The minister was effectively admitting the Houthis were the Islamic Republic's tool for getting back at Saudi Arabia.
Yet in the past two years, both sides have taken steps to improve relations, without firm results as yet. Nor is the situation likely to change this time.
Iranian Supreme Leader Ali Khamenei in 2020commons.wikimedia.org
Riyadh's warming relations with Israel
Iran's former ambassador in Lebanon, Ahmad Dastmalchian, told the ILNA news agency in Tehran that Saudi Arabia is doing Israel's bidding in the region, and has "entrusted its national security, and life and death to Tel Aviv." Riyadh, he said, had been financing a good many "security and political projects in the region," or acting as a "logistical supplier."
The United States, said Dastmalchian, has "in turn tried to provide intelligence and security backing, while Israel has simply followed its own interests in all this."
Furthermore, it seems unlikely Iran's Supreme Leader Ali Khamenei will tolerate, even in this weak period of his leadership, the kingdom's rising power in the region and beyond, and especially its financial clout. He is usually disparaging when he speaks of Riyadh's princely rulers. In 2017, he compared them to "dairy cows," saying, "the idiots think that by giving money and aid, they can attract the goodwill of Islam's enemies."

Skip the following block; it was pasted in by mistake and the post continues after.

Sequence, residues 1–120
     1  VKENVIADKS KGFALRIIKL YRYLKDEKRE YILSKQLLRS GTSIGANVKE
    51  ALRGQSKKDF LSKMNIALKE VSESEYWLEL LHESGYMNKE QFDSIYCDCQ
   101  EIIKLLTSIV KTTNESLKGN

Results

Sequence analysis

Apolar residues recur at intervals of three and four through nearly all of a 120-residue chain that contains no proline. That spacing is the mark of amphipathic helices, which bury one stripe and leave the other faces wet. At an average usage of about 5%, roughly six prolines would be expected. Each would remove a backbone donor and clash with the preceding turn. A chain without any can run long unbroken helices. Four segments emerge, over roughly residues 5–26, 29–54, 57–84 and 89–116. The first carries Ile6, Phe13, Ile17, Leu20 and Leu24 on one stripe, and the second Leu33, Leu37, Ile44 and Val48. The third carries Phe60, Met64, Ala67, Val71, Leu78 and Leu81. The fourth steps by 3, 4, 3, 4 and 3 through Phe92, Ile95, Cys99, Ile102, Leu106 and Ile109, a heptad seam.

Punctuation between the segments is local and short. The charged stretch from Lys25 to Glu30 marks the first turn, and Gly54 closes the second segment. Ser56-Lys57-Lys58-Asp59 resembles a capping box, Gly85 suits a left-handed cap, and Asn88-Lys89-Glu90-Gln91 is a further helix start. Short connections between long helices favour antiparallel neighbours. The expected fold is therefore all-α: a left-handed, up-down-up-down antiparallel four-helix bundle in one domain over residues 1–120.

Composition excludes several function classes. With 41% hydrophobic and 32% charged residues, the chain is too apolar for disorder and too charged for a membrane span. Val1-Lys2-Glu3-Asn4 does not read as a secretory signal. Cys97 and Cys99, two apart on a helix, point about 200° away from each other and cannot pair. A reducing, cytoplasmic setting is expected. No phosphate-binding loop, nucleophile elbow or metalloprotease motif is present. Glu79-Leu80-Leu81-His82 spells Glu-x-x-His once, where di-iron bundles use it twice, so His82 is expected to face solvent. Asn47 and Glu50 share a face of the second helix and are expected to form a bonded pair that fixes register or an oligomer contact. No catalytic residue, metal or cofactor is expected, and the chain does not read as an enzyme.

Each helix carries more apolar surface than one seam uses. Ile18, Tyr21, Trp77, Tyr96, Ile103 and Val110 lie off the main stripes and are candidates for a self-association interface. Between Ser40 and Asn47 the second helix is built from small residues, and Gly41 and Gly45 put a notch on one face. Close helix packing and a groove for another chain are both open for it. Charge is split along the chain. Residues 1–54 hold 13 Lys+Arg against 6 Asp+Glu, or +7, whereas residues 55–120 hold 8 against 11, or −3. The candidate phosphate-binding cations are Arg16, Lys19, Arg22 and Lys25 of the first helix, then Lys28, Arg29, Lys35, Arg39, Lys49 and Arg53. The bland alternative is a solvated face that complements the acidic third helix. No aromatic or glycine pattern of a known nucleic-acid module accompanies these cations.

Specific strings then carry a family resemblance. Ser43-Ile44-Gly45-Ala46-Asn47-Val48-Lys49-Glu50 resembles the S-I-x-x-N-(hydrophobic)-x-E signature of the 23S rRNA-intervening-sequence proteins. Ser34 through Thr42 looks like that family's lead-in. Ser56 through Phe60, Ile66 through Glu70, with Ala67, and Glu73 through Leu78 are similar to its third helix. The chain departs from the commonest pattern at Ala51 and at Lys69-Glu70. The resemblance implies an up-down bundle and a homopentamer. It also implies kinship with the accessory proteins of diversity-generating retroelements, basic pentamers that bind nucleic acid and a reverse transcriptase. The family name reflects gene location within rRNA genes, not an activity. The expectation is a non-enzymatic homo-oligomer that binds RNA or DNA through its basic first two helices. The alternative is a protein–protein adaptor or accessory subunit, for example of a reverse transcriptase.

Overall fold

Iranian regime officials are hopeful of moving toward better diplomatic ties and a reopening of embassies. Yet the balance of power between the sides began to change in Riyadh's favor years ago. For the kingdom's power has shifted from relying mostly on arms, to economic and political clout. The countries might have had peaceful relations before in considerably quieter, and more equitable, conditions than today's acute clash of interests.
If nuclear talks break down, Iran's regime may become more aggressive.
Beyond this, the Abraham Accord or reconciliation of Arab states and Israel has been possible thanks to the green light that the Saudis gave their regional partners, and it is a considerable political and ideological defeat for the Islamic Republic.
Assuming all Houthis follow Tehran's instructions — and they may not — improved ties may curb attacks on Saudi interests and aid its economy. Tehran will also benefit from no longer having to support them. Unlike Iran's regime, the Saudis are not pressed for cash or resources and could even offer the Houthis a better deal. Presently, they may consider it more convenient to keep the softer approach toward Tehran.
For if nuclear talks with the West break down, Iran's regime may become more aggressive, and as experience has shown, tensions often prompt a renewal of missile or drone attacks on the Saudis, on tankers and on foreign shipping. Riyadh must have a way of keeping the Tehran regime quiet, in a distinctly unquiet time.
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Kayhan is a Persian-language, London-based spinoff of the conservative daily of the same name headquartered in Tehran. It was founded in 1984 by Mostafa Mesbahzadeh, the owner of the Iranian paper. Unlike its Tehran sister paper, considered "the most conservative Iranian newspaper," the London-based version is mostly run by exiled journalists and is very critical of the Iranian regime.